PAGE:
Physical Activity is the third in a blog series helping you to focus on making healthier choices and living healthier life.
Struggling with weight is nothing new, and if weight loss is achieved, many struggle to maintain it. With hectic schedules, convenient foods, genetics, and changes in your metabolism that accompany age, weight loss and maintenance can be a challenge. We know the struggle so let’s change the approach! Let’s focus on leading a healthier life by setting realistic goals, making deliberate choices, rewarding ourselves for goals achieved, and reaching out for assistance when we need it without focusing specifically on weight loss.
If you have not, we invite you to read the first two blogs in the series. They focus on changing to a healthier living mindset and developing a healthy eating plan. It may be a good idea to check your current BMI. AARP has a BMI calculator that can be used by a person of any age to help you determine where you are currently and where you should be based on your height and current weight.
Let’s Get Moving!
Developing a healthy eating plan combined with physical activity can mean success! Success in living a healthy life and managing weight involves a combination of eating fewer calories and burning more energy through activity. Staying physically active is most helpful in keeping weight off and lowering the risk of certain diseases such as heart disease and diabetes, and it just makes you feel good!
It is important to always check with your physician before beginning a physical activity routine. Age, health conditions, and surgical or testing procedures will affect your exercise routine. Working with your physician and starting slowly can make all the difference in achieving your health goals.
The American Heart Association recommends:
- At least 150 minutes per week of moderate-intensity aerobic activity or 75 minutes per week of vigorous aerobic activity, or a combination of both, preferably spread throughout the week.
- Add moderate- to high-intensity muscle-strengthening activity (such as resistance or weights) at least two days per week.
- Spend less time sitting. Even light-intensity activity can offset some of the risks of being sedentary.
- Gain even more benefits by being active for at least 300 minutes (five hours) per week.
- Increase amount and intensity gradually over time.
Ready to Begin?
Exercising may seem like a chore to some and some just love it! If you are in the group that consider it a chore, find ways to make it fun. The following activities can be easy and fun, and you can get healthy while doing them:
- Walking or riding a bike in your neighborhood.
- Join a walking club at a mall or at work.
- Play golf at a local club.
- Join a dance class.
- Work in your garden.
- Use local athletic facilities.
- Join a hiking club.
- Join a softball team or other sports team with coworkers, friends, or family.
- Chase your kids in the park.
- Walk your dog.
- Take a walk during your lunch break.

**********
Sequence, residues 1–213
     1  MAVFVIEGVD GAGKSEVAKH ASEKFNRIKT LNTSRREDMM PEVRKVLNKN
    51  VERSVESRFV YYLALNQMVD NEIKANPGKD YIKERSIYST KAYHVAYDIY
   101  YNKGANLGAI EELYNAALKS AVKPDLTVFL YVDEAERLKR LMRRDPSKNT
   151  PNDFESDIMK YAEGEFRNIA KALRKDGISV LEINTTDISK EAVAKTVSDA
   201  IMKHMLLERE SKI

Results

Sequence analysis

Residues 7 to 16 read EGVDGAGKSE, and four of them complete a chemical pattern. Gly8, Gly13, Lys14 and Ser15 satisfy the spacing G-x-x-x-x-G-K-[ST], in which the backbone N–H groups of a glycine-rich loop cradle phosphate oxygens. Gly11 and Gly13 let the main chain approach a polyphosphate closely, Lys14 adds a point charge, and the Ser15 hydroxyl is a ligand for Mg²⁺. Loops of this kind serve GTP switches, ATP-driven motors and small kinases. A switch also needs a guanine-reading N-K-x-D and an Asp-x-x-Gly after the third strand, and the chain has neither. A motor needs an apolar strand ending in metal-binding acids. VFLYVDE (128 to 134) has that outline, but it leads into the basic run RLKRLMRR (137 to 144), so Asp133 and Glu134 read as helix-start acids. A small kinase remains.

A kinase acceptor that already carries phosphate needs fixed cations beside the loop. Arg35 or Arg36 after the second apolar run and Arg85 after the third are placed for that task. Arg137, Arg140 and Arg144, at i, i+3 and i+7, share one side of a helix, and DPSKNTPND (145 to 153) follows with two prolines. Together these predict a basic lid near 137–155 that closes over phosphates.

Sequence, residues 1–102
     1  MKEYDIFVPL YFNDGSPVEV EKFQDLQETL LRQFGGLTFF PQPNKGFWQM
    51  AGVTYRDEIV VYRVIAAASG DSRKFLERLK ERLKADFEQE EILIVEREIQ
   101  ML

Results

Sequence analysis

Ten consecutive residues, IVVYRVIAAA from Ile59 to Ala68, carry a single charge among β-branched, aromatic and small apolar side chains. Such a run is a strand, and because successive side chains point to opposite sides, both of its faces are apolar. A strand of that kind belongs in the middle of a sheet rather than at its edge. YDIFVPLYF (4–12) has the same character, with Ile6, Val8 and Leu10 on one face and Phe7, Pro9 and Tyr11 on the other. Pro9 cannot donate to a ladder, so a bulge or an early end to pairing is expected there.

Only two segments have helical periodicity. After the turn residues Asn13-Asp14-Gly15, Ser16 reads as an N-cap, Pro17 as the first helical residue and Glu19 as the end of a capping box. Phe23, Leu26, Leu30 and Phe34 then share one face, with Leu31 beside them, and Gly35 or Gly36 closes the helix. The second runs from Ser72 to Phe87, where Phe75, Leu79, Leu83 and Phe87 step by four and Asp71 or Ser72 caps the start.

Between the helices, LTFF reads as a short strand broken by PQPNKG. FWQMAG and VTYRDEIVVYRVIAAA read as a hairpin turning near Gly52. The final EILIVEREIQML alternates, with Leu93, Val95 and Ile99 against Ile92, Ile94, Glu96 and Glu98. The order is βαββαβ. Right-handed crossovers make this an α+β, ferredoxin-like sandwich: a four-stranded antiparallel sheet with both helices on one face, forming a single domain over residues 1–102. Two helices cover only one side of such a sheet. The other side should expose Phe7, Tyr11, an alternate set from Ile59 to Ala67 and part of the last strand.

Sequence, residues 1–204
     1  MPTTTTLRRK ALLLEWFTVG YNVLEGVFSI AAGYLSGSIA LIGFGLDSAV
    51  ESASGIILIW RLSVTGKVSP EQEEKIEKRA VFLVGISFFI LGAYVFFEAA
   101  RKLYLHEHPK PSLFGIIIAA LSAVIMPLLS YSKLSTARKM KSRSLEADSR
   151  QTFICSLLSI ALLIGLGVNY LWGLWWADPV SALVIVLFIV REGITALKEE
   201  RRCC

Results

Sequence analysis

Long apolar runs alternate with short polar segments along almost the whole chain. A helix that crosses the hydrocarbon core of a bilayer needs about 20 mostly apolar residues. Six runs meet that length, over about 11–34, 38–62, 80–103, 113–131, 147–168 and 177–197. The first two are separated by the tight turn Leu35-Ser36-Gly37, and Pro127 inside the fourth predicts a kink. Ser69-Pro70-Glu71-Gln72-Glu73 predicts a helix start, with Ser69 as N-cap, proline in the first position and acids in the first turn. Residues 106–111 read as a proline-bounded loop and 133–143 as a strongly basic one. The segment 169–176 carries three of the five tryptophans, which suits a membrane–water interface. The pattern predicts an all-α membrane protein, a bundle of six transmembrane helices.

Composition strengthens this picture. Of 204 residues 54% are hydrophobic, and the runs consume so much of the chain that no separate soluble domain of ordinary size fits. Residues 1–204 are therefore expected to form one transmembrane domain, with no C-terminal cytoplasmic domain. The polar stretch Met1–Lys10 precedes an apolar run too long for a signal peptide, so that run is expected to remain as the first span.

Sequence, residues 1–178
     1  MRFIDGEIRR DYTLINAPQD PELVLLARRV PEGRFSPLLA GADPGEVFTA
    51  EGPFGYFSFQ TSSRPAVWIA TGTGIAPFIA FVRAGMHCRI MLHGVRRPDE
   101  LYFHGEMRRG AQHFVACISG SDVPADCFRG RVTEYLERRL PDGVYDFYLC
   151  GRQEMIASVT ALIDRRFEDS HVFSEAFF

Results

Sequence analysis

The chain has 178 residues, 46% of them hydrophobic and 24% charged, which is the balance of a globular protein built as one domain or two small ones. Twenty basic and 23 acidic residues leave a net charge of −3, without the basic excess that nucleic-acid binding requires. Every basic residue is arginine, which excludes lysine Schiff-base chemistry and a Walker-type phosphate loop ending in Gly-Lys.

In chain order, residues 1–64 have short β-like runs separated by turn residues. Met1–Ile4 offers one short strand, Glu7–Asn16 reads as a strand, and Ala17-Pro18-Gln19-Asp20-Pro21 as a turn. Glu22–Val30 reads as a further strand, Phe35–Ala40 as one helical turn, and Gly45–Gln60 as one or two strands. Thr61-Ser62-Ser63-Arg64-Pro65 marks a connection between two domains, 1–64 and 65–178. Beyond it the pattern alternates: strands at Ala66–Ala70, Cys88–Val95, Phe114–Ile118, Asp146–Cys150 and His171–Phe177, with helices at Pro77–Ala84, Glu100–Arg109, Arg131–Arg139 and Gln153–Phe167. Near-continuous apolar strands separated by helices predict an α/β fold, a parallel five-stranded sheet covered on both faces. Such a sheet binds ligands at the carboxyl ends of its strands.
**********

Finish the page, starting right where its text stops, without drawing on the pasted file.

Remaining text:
For the beginner, one way to be more active is to do more everyday activities, such as:
- Taking the stairs instead of the elevator.
- Stretching or taking a walk during breaks at work.
- Spending less time watching television and working on the computer.
- Spending more time doing activities such as gardening or household chores.
- You can also exercise in front of the TV by doing mild aerobic activities such as walking in place, stretching, and lifting weights.
- Walking 20 minutes a day, three days a week.
- Join a gym or the local YMCA and work with a trainer to develop an exercise plan that changes as your stamina and endurance change.
The next level includes adding more moderate activities such as:
- Increasing your walking to 45 minutes a day with a gradual increase in speed and increasing the number of days you walk.
- Carrying heavier items when doing housework or yard work.
- Riding a bike with more intensity.
- Trying tennis or dancing.
- If you have an interest in running, develop a program to begin running.
- Flexibility exercise to improve joints and muscles.
- Strength-building or resistance exercises.
- Aerobic conditioning.
Are You Ready for High-Intensity?
When comfortable and with approval from a physician, you can move to high-intensity (vigorous) activities:
- Walking longer distances at increased speeds.
- If you run, continue to increase duration and speed as you are able.
- Walking uphill carrying weights.
- Increasing your bike riding time and intensity.
- Joining in more active sports such as basketball or soccer.
Benefits of Regular Activity
- Your weight is much easier to control when you are active.
- Physical activity can be fun.
- You can participate in activities with a group for support and motivation.
- You will feel and look better when you’re physically active.
- Physical activity is good for your heart.
- Physical activity is a great way to burn off steam and stress and helps you beat the blues.
- You will have more energy.
This series will continue to deliver tips to help you achieve your goals. There are times when focusing on making healthier choices presents challenges and help is never far away. Speak with your healthcare provider about your health goals, your weight goals, your overall health, and the challenges you face. Your provider can assist in guiding you on your health journey.
As part of living a healthier life, RPM Healthcare offers remote patient monitoring for weight loss and maintenance with the goal of not only helping you feel good, but to prevent or help treat heart disease, high blood pressure, high cholesterol, and diabetes.